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© rs components Components | March 16, 2015

RS Components supports Warwick University space mission

RS Components is aiding the space mission of students at Warwick University through a sponsorship of the development of a nano-satellite set to be launched into space this month.
In a bilateral agency agreement between the German Aerospace Center (DLR) and the Swedish National Space Board (SNSB), the REXUS programme was realised, and the Warwick University Satellite Team (WUSAT) was selected to be given pay-load space on the rocket under this programme back in 2013. They have been working since this time on a CubeSat code named WUSAT 2, a cubic nano-satellite of 0.1m wide with a mass of less than 1.33kg.

Nano-satellites were developed for use in space exploration and science by academics worldwide, and are a fraction of the price of a traditional satellite. WUSAT 2 is due to launch on the REXUS rocket from Sweden on 17th March. Travelling to an altitude of 100km at its height, a light-spectrometer free falling probe is released to descend back to Earth to allow monitoring and recording of light frequencies of elements to help create a density map of element types against differing altitude levels.

RS Components has supported the mission with donation of equipment and products to help in the development of WUSAT 2 – such as ‘Easy’ radio modules – a key component in the satellite’s radio transmission system - electronic components used for prototyping, testing and building the printed circuits and communications systems for WUSAT-2. RS has also donated heavy duty cases to ensure the safe transportation of WUSAT 2 to events.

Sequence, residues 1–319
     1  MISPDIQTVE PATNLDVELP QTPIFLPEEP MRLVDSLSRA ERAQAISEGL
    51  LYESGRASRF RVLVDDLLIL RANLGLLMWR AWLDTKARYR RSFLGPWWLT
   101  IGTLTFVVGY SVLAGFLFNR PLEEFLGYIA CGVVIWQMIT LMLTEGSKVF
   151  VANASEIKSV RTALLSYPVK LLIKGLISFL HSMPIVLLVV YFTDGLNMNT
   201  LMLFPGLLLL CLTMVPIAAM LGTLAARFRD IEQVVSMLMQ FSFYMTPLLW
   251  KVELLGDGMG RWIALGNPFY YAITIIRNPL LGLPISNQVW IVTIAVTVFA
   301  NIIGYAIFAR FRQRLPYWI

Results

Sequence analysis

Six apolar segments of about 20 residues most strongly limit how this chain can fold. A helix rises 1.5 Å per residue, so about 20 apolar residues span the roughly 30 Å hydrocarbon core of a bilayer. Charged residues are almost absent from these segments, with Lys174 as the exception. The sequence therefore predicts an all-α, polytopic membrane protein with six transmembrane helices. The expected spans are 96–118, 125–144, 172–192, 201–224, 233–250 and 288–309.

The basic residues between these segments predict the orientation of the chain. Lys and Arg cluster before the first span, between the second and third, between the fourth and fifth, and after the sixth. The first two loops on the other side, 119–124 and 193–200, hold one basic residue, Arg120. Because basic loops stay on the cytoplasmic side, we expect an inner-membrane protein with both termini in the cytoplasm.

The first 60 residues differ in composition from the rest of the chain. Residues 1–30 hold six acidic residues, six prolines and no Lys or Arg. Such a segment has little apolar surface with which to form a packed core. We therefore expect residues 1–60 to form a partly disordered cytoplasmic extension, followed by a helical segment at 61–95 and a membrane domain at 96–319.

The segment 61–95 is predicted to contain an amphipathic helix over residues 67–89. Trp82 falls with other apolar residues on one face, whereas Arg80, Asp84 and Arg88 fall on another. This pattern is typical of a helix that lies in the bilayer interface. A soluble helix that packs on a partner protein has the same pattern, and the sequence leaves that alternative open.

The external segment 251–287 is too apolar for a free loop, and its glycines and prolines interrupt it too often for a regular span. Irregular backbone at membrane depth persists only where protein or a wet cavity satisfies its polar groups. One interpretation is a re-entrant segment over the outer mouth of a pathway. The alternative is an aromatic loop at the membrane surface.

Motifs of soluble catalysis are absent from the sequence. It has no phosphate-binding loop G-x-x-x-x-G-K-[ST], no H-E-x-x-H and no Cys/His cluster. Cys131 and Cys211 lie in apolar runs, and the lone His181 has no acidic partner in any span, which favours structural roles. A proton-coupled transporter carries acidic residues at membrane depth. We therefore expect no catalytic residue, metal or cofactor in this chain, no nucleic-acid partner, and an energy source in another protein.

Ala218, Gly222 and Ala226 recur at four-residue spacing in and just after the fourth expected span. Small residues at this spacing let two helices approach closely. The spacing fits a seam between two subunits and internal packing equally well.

Dr William. E. Crofts Director of Warwick Satellite Programme at Warwick University said: “This is the ninth year of operation for our satellite team. We began with no knowledge of satellite technology and no laboratory to work in. However, through dogged persistence we have kept the team going through six years of designing the electrical power sub-system for ESA’s moon orbiting satellite (ESMO), and now three years of designing/building our own satellites.
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